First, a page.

How did Dwight D Eisenhower support the civil rights of African Americans?
- staisilLv 76 years agoFavorite Answer
Eisenhower favored a patient, constitutionalist approach that would avoid a violent disruption of Southern society. However, by the mid-1950s he realized that he would have no control over the pace of integration, and he responded with actions and proposed legislative initiatives to provide racial equality. He was not successful in getting sweeping reforms passed by Congress, but he did build a sturdy foundation upon which more comprehensive changes were made in the years following his presidency. Consider the following:
Eisenhower appointed California Governor Earl Warren as Chief Justice of the Supreme Court. Warren molded a unanimous decision in Brown v. Board of Education, striking down public school segregation. Eisenhower also appointed outstanding jurists such as Potter Stewart, William Brennan, John Marshall Harlan II, and Charles Evans Whittaker to the Warren court.
Eisenhower was consistently careful to appoint to the southern districts federal judges who were solidly committed to equal rights, fighting southern senators to get them confirmed. When enforcement of future civil rights laws came before the district courts in the 1960s, they were upheld by progressive judges – Frank Johnson, Jr., and Elbert Parr Tuttle, for instance – appointed by Eisenhower years earlier. Eisenhower’s judicial appointments constitute a significant contribution to civil rights.
Eisenhower achieved Congressional passage of the first civil rights legislation in the 82 years following Reconstruction. The Senate at first refused to pass the bill, which included both voting rights and a provision authorizing the Attorney General to protect all civil rights. Eventually, Congress approved the Civil Rights Act of 1957 without overall civil rights protection. This was a much weaker law than what Eisenhower had advocated. In 1960, Eisenhower was successful in getting Congress to pass additional voting rights legislation. These laws were the precedents for the civil rights legislation of the 1960s.
Eisenhower implemented the integration of the U.S. military forces. Although President Truman issued Executive Order 9981 (1948) to desegregate the military services, his administration had limited success in realizing it. As a life-long soldier, Dwight Eisenhower knew intimately the reality of racial intolerance in the military. As president, he commanded compliance from subordinates and was able to overcome the deeply rooted racial institutions in the military establishment. By October 30, 1954, the last racially segregated unit in the armed forces had been abolished, and all federally controlled schools for military dependent children had been desegregated.
Eisenhower sent elements of the 101st Airborne Division to carry out the mandate of the U.S. Supreme Court, when Orval Faubus of Arkansas openly defied a federal court order to integrate Little Rock Central High, an all-white high school. This act, the first time since Reconstruction that federal troops were deployed to a former Confederate state, was condemned by many at the time, but it established that southern states could not use force to defeat the Constitution.
Eisenhower was the first president to elevate an African-American to an executive level position in the White House. In July 1955, President Eisenhower appointed E. Frederic Morrow, a graduate of Bowdoin College and the Rutgers University Law School, as Administrative Officer for Special Projects.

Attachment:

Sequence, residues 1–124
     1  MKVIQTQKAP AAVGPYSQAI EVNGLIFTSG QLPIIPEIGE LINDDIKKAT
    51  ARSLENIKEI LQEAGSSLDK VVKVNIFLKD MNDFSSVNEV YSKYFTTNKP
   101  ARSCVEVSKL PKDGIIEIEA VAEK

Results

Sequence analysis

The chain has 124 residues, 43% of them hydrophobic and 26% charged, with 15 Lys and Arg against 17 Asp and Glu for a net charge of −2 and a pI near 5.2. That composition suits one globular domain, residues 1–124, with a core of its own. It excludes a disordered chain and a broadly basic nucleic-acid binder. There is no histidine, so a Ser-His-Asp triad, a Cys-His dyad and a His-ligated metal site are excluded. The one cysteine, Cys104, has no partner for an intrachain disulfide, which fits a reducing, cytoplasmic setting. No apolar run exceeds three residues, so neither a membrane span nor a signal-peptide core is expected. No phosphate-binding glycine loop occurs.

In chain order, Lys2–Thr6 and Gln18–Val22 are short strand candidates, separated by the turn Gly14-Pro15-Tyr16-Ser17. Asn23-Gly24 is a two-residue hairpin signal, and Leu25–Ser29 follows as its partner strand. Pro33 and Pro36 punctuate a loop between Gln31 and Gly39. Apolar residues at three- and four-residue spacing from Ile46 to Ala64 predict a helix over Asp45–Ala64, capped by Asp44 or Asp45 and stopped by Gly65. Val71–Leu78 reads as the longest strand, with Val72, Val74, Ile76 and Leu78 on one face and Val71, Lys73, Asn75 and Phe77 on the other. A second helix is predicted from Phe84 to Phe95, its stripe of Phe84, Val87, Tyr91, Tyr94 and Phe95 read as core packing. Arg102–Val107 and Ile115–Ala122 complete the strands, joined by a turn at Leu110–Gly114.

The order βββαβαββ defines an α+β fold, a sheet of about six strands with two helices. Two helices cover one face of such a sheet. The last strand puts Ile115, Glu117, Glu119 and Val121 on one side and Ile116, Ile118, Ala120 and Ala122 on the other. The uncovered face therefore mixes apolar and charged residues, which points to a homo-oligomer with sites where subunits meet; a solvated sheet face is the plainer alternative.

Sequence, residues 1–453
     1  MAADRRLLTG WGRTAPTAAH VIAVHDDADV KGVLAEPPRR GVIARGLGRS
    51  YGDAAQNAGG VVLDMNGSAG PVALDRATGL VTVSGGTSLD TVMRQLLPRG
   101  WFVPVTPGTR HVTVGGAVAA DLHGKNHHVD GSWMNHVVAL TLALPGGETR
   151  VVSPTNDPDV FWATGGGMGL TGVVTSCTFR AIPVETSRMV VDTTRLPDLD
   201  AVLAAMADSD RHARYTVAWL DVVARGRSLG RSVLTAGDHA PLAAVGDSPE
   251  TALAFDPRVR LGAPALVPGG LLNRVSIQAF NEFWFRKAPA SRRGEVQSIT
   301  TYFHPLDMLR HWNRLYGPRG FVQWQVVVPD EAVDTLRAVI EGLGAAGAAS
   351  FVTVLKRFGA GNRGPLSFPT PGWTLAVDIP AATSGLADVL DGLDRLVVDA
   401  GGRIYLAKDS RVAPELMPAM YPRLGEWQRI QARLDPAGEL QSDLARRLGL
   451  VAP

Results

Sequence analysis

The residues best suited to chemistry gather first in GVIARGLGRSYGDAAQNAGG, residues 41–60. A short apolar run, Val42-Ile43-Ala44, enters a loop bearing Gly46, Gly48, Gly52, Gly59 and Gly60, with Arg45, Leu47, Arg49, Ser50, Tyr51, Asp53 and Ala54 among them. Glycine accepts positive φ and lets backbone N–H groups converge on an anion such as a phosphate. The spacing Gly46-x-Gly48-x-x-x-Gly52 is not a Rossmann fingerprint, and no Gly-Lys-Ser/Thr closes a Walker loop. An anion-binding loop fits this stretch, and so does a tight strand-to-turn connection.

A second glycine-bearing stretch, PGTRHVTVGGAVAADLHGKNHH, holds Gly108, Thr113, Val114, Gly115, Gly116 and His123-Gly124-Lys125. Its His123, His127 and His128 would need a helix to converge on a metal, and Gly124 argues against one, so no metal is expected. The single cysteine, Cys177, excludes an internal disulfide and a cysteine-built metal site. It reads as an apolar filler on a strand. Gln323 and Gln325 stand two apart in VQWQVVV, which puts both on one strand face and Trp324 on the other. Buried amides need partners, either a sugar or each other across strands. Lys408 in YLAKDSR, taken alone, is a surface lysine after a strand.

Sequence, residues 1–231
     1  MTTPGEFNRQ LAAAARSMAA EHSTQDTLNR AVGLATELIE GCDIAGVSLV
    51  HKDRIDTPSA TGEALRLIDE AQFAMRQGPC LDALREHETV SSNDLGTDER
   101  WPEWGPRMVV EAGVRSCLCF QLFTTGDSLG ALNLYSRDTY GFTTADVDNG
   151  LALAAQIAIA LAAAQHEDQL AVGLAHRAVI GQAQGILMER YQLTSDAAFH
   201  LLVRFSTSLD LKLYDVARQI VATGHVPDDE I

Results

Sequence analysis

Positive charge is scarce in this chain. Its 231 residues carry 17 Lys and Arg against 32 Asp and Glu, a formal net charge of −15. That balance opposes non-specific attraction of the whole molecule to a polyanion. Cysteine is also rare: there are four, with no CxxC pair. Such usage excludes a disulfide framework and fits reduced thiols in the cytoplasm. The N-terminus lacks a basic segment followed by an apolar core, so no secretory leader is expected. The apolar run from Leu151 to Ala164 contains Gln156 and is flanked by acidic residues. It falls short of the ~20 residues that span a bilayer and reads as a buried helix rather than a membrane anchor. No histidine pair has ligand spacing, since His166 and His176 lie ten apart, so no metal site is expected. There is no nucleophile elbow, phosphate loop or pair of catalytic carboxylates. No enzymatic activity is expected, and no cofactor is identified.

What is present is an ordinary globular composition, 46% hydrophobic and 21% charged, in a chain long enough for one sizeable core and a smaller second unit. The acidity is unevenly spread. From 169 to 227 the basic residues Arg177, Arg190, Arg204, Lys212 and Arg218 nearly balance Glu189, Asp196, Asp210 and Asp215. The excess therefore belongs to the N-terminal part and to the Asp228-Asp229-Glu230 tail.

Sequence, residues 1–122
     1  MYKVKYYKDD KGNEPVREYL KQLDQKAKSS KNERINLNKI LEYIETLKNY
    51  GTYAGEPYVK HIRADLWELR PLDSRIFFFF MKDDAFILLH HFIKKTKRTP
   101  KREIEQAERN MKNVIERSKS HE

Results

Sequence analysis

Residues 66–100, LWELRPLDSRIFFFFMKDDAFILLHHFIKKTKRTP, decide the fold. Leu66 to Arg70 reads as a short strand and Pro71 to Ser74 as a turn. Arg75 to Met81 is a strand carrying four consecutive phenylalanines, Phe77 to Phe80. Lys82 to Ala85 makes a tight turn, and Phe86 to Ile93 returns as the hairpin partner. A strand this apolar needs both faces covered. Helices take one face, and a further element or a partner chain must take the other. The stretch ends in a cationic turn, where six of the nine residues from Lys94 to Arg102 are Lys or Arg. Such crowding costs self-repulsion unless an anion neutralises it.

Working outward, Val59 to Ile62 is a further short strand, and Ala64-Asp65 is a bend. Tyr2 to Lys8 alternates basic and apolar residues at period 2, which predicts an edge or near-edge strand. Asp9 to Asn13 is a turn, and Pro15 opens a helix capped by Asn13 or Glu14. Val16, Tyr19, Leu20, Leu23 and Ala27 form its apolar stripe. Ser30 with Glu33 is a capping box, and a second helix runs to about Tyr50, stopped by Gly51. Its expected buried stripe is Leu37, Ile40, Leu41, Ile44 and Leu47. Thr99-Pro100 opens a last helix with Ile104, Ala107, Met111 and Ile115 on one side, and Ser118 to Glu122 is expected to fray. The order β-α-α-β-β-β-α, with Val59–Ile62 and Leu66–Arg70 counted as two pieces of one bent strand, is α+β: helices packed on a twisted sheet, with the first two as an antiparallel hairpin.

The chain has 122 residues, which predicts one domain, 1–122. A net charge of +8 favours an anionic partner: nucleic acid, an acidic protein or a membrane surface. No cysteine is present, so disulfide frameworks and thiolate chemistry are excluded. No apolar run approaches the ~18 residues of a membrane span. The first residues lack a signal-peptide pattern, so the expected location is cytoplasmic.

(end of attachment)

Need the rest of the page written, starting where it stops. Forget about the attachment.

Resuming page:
Eisenhower worked to achieve full integration in the nation’s capital from his first day in office until the end of his administration. The President approached this task from several different angles. He appointed pro-desegregation district government officials and directed the Justice Department to argue in favor of desegregation in the Supreme Court. One of the results of judicial actions he instigated was the Supreme Court’s Thompson decision which desegregated Washington restaurants. He personally cajoled, persuaded, and pressured local government administrators, motion picture moguls, and business men in meetings at the White House. By the time Eisenhower left Washington, the Capital of the United States was transformed from an entirely segregated to an almost fully integrated city.
Eisenhower established the first comprehensive regulations prohibiting racial discrimination in the federal workforce. He established presidential committees that set standards and pressured governments agencies and businesses with government contracts to end racial discrimination in employment.
Eisenhower was the first president since Reconstruction to meet personally in the White House with black civil rights leaders. He discussed national policy on civil rights with Martin Luther King, Jr., A. Philip Randolph, Roy Wilkins, and Lester B. Granger.
- Anonymous6 years ago
he was a Racist he arranged for all Coloureds to be ;positioned 50 miles from Paris when the Liberation march was organised he said we must make this Liberation March look like a white Victory
he did Nothing as President to ensure the African Americans received the medal lof Honor that took JFK in 1993 to Fix that racist Problem
Eisenhower was a Murderer an adulator and a Confirmed Racist
and not a very good general some say he actually extended WW2 by 2 years just to punish the Germans who he said i Not only hate the Nazis i hate the Germans as a Race so he hated Nazis Germans and Coloureds and the people of the USA made it president
- Anonymous6 years ago
.........the question is in-portent .........